"I don´t understand how the nurse could have believed that the call was really from the Queen or the Prince. I am not a Brit, so I don´t know the habits, but yet I don´t think that it is normal for the Queen to make a phone call to a commoner."|
The Duchess is no longer a commoner - I've no idea if the Queen phones her but in these circumstances she might although I don't think it likely. One problem here is that the nurse who took the original call, and who is the one who has died, was not actually British, at least not by birth and English was not her native language. On the bit of the recording I heard, the Aussie DJs were surprised anyone accepted their impersonations of the Queen and Prince Charles - but if English is not your native language you might not be able to distinguish between a real accent and a fake one. And in those circumstances, when you're a nurse not a linguist, and when the Duchess is a patient upstairs and someone on the phone says they're the Queen, you might actually not be able to spot a fake. The mind will say "Oh my Goodness it's the Queen", your non-English ears will hear "that voice is so weird it must be the Queen" (sorry, ma'am), and your nerves will shake, rattle, and put the caller through.
Reply #21. Dec 09 12, 5:15 PM
Jolana, the nurse who died only took the call and passed it on to the ward where Kate was. I don't think English was her first language and it may be that to her ears, it did sound like the Queen. I haven't heard the call but there's a strong chance that the nurse who did give out information did not have English as her first language either. From what I can gather, the information given was nothing that hadn't already gone out to the press anyway, along the lines of 'resting comfortably'.|
The DJs have said that with their atrocious 'english' accents, they did not expect the prank to work. Oh really? Why do it then? Possibly they realised that it would be towards the end of a night shift, there was a high probability that the tired staff would not have English as a first language, and the reception desk would not be properly manned. That gave the so-called prank a good chance of succeeding.
If they didn't expect to succeed, as I say, why do it? Could it be that they thought they might get a funny call out of teasing a staff member who wasn't really trained to deal with that sort of thing?
Reply #22. Dec 09 12, 5:19 PM
"The Duchess is no longer a commoner" - I didn´t mean the Duchess by the commoner, but the nurse.|
By all means I don´t want to blame the nurse, but I think, the hospital staff should be trained that no information is provided on phone, the Queen or not.
Reply #23. Dec 09 12, 5:26 PM
I don't completely understand exactly why the nurse killed herself! Over a prank? Seems like an over the top reaction. Can someone please explain it to me? :/|
Reply #24. Dec 09 12, 7:46 PM
I think most decent intelligent Australians are embarrassed over this incident and frankly I think the two morons should have been dismissed immediately. Already big accounts have withdrawn their advertising from the programme. It never ceases to amaze me the low depth of the intelligence of the sort of people who hold these jobs. This is not the first incident in Australia of "shock Jocks" (as they call them) have caused distress to members of the public. It is about time that the censorship of these programmes was practiced instead of being mainly lip service.|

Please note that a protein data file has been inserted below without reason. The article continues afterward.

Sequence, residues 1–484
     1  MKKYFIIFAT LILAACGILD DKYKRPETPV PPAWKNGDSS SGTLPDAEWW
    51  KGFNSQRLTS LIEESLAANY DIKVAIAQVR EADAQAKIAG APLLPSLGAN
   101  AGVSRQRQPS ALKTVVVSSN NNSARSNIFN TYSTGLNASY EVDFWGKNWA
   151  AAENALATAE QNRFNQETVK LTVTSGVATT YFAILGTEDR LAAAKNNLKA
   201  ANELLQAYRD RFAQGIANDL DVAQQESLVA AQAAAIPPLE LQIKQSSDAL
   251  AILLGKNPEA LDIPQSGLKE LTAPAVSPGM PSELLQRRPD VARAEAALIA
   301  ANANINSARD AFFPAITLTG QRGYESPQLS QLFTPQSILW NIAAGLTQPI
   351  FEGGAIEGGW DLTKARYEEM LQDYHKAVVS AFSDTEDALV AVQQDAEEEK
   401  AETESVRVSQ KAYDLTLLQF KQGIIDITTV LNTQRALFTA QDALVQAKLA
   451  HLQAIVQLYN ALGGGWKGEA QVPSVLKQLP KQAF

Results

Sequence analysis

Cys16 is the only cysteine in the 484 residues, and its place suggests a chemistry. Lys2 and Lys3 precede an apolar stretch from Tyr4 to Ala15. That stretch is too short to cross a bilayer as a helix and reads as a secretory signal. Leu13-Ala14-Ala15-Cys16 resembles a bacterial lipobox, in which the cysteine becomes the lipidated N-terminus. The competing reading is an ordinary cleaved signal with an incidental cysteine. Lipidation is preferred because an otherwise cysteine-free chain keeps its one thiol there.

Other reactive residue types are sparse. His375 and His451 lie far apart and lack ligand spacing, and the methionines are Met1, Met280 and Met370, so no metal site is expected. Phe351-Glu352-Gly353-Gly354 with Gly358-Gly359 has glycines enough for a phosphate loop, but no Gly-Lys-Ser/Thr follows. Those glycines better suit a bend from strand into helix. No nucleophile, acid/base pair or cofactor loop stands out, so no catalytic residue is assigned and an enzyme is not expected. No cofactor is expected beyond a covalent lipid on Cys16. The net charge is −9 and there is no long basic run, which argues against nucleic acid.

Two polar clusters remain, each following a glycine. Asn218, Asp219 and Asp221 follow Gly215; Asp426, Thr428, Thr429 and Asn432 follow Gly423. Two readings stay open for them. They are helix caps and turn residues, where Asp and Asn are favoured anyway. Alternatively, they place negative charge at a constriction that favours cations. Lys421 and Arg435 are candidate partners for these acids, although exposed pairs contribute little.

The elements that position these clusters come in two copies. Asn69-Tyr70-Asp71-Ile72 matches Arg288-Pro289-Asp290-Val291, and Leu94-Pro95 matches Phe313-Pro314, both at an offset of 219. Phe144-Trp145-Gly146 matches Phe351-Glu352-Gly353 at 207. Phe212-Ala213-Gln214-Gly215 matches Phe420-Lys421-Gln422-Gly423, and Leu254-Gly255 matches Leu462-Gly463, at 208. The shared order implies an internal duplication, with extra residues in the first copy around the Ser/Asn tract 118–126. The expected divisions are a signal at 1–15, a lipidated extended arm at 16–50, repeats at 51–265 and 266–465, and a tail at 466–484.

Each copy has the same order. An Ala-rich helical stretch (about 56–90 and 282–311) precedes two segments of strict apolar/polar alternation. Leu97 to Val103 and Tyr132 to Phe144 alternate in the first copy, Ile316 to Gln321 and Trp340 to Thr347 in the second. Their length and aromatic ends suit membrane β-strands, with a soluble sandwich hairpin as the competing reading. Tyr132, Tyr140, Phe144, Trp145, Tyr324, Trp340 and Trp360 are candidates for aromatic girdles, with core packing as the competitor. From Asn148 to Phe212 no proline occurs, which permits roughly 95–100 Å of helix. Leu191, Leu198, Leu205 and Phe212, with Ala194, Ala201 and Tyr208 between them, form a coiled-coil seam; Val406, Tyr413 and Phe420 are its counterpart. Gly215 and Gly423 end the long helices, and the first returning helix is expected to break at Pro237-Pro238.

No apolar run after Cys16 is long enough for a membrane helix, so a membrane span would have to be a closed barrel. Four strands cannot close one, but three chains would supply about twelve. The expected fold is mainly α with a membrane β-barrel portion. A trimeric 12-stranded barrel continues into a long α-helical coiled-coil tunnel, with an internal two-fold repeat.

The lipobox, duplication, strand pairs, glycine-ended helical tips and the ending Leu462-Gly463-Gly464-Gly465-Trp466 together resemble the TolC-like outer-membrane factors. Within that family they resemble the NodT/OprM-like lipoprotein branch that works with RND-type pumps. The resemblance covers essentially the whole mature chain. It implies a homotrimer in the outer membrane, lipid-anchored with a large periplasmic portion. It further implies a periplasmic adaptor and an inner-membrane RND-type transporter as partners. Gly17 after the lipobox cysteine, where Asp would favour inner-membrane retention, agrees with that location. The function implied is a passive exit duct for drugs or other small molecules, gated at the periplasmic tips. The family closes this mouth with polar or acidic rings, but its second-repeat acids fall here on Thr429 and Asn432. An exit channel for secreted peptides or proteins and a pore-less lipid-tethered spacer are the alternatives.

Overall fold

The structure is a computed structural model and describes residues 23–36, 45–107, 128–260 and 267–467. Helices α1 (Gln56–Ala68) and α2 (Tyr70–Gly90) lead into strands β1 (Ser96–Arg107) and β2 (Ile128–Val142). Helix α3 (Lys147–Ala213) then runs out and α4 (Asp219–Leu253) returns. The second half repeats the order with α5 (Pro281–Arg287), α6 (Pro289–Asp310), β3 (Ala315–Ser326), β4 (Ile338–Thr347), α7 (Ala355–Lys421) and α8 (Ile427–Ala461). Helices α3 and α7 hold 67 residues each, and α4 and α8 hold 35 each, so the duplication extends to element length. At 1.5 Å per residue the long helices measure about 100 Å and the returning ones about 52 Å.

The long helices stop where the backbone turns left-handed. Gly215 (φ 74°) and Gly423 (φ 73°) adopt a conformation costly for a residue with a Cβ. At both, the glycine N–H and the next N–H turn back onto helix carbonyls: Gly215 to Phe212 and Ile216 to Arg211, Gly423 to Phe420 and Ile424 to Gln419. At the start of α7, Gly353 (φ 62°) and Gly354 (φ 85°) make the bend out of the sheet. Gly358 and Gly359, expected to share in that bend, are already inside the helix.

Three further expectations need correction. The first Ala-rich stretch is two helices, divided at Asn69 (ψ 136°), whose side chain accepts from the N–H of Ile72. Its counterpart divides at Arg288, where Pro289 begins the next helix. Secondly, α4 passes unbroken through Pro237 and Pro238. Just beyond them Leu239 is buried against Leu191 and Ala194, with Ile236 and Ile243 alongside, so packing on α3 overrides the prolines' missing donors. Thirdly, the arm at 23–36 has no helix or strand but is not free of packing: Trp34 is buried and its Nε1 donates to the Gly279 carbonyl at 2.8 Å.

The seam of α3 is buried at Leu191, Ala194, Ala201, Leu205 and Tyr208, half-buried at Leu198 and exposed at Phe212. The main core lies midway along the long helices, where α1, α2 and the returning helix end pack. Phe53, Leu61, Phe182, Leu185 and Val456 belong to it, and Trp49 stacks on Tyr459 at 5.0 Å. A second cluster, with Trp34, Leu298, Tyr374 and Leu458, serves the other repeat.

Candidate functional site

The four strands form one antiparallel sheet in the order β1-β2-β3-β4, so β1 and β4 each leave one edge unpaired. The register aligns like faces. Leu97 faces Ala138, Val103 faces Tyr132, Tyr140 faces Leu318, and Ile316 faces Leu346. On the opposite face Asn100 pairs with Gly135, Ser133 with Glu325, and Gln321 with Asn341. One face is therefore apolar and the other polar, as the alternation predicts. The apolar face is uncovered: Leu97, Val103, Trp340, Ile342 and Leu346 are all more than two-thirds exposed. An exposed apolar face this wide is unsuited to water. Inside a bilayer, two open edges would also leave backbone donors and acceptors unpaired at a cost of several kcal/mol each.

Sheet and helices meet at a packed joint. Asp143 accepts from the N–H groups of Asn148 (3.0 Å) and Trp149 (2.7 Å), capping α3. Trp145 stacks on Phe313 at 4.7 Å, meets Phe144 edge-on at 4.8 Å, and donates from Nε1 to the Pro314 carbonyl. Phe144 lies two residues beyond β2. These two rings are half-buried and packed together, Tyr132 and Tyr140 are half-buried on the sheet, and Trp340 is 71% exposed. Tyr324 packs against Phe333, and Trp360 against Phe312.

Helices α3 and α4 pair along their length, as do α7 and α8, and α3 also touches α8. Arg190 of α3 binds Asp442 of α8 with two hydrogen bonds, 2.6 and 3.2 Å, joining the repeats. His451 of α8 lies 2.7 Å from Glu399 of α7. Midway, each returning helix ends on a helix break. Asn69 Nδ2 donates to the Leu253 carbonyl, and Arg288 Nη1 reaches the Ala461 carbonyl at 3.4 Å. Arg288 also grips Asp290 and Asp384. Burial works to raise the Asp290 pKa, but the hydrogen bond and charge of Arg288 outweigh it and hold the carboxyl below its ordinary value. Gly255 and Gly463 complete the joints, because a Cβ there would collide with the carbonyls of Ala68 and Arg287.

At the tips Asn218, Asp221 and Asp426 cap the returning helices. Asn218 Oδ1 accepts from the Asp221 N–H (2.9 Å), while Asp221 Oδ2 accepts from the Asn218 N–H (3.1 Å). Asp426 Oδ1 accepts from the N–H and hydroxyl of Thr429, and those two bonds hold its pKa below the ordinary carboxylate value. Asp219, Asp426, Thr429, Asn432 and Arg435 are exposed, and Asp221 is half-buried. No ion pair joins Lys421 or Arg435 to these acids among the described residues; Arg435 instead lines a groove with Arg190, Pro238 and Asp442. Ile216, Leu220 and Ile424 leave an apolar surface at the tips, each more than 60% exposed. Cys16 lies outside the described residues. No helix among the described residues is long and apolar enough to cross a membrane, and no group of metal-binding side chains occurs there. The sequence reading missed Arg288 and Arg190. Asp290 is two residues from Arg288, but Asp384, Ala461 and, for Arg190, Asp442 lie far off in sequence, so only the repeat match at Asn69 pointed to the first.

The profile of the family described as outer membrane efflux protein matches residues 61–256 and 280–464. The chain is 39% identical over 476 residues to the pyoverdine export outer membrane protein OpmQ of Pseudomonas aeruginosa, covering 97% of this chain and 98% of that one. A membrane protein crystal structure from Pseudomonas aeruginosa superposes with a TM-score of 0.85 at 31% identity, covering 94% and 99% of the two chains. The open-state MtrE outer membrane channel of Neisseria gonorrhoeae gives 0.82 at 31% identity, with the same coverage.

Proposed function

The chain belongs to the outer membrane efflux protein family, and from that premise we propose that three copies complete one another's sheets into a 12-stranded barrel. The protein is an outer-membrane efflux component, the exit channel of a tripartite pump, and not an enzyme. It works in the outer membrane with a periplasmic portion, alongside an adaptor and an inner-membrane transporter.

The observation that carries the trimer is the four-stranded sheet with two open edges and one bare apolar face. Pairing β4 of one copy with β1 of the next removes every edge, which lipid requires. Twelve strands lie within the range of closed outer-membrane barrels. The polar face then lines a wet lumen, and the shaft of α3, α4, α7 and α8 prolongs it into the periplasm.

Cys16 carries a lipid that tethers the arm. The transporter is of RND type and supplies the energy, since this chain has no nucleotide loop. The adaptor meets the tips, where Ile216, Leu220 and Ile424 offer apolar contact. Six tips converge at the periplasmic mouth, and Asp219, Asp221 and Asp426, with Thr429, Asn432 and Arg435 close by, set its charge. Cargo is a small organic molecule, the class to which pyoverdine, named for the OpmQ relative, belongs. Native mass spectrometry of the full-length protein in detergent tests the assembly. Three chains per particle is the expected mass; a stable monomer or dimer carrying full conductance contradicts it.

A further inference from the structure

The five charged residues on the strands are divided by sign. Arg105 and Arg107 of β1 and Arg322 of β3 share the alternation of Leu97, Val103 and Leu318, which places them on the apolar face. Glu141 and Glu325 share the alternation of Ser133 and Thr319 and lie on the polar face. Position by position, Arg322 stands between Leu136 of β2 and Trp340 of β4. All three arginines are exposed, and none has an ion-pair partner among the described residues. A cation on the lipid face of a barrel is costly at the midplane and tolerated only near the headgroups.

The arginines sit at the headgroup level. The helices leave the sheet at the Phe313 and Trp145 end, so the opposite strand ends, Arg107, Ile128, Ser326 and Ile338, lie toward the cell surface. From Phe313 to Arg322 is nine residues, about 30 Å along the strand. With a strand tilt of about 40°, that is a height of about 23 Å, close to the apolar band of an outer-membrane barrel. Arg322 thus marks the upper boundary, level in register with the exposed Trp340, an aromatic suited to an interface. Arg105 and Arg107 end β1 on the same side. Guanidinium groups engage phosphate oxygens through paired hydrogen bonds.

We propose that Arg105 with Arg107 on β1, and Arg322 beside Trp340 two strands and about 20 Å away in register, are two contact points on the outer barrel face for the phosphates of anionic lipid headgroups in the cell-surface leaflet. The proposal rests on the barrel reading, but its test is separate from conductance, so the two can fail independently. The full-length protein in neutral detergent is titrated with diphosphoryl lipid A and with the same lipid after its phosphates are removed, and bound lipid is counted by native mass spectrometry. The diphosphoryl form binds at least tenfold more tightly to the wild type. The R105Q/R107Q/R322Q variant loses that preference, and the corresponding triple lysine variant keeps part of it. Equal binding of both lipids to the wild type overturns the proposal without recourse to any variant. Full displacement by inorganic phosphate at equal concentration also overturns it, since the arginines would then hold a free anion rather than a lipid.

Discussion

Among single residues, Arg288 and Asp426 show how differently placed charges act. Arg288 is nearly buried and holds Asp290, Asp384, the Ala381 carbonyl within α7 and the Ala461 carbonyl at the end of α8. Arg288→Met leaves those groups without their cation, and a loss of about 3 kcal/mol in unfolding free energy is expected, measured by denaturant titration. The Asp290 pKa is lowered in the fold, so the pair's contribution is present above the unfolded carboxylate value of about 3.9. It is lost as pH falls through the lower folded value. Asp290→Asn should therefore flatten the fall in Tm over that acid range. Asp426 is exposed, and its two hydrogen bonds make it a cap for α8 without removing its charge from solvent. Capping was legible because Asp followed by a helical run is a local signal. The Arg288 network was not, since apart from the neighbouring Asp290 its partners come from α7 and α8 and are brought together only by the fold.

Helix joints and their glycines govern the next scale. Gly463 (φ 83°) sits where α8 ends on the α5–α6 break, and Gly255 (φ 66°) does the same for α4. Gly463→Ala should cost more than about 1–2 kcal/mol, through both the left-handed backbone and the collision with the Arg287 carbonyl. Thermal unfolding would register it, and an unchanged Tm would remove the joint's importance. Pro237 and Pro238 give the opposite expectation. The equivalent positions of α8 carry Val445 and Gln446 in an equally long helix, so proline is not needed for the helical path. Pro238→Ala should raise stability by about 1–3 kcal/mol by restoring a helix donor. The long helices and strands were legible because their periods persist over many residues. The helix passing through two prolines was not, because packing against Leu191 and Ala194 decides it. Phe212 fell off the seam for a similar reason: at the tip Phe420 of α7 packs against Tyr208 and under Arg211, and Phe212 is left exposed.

Reply #25. Dec 09 12, 8:02 PM
I read that they got permission from their lawyer before they made the call. I don't know for sure if that is true. It is a tragedy what happened but they really didn't know the woman would kill herself over the call. There is just no way to anticipate something like that.I am so sorry for the family and I am sure they are not taking it lightly.|
Reply #26. Dec 09 12, 9:05 PM
The woman's suicide is awful, for sure, but has personal accountability really decayed to the point where suicide is the fault of someone else? What if the DJ's had even gone so far as to tell her to kill herself? Would anyone in their right mind follow their instructions?|
Reply #27. Dec 09 12, 9:15 PM
I've read that she left a suicide note. The contents haven't yet been revealed but are expected to be. |
Reply #28. Dec 09 12, 9:18 PM
That said, there have been cases of ACTUAL bullying, especially involving teenagers, where constant harassment and badgering have caused suicides. That's a different story.|
Reply #29. Dec 09 12, 9:19 PM
Sad state of affairs, but seems to me Prince William would have a mobile phone and hospital should know that, right? That just occurred to me, then this might not have happened. Sad also that bullies do cause suicides often.|
Reply #30. Dec 09 12, 11:30 PM
Of course they couldn't have foreseen that someone would commit suicide over this. They don't seem to have given any consideration as to how the people on the receiving end of the call would feel though. |
Few people would be able to shrug off something like that - personally I would have been hugely embarassed at a minimum, I'd be worried about my job and any possible repercussions. I'd be losing sleep and it would certainly affect my ability to do my job.
Apparently the radio station tried to contact the nurses to get their permission to broadcast the recording. That's all right then.
Reply #31. Dec 10 12, 2:30 AM
Yes, they must have tried really hard! |
Reply #32. Dec 10 12, 12:25 PM
Very sad. |
This has been in thoughts a lot and I hope no form of the media ever come into any sort of contact with me during my career. I dread that form of public humiliation when I give my job every effort and try my very best for everyone I deal with, but of course I (like everyone else) will still make mistakes. I'd be gutted.
This is an incredibly unfortunate series of events. My heart goes out to the family.
Reply #33. Dec 10 12, 6:14 PM
33 replies. On page 2 of
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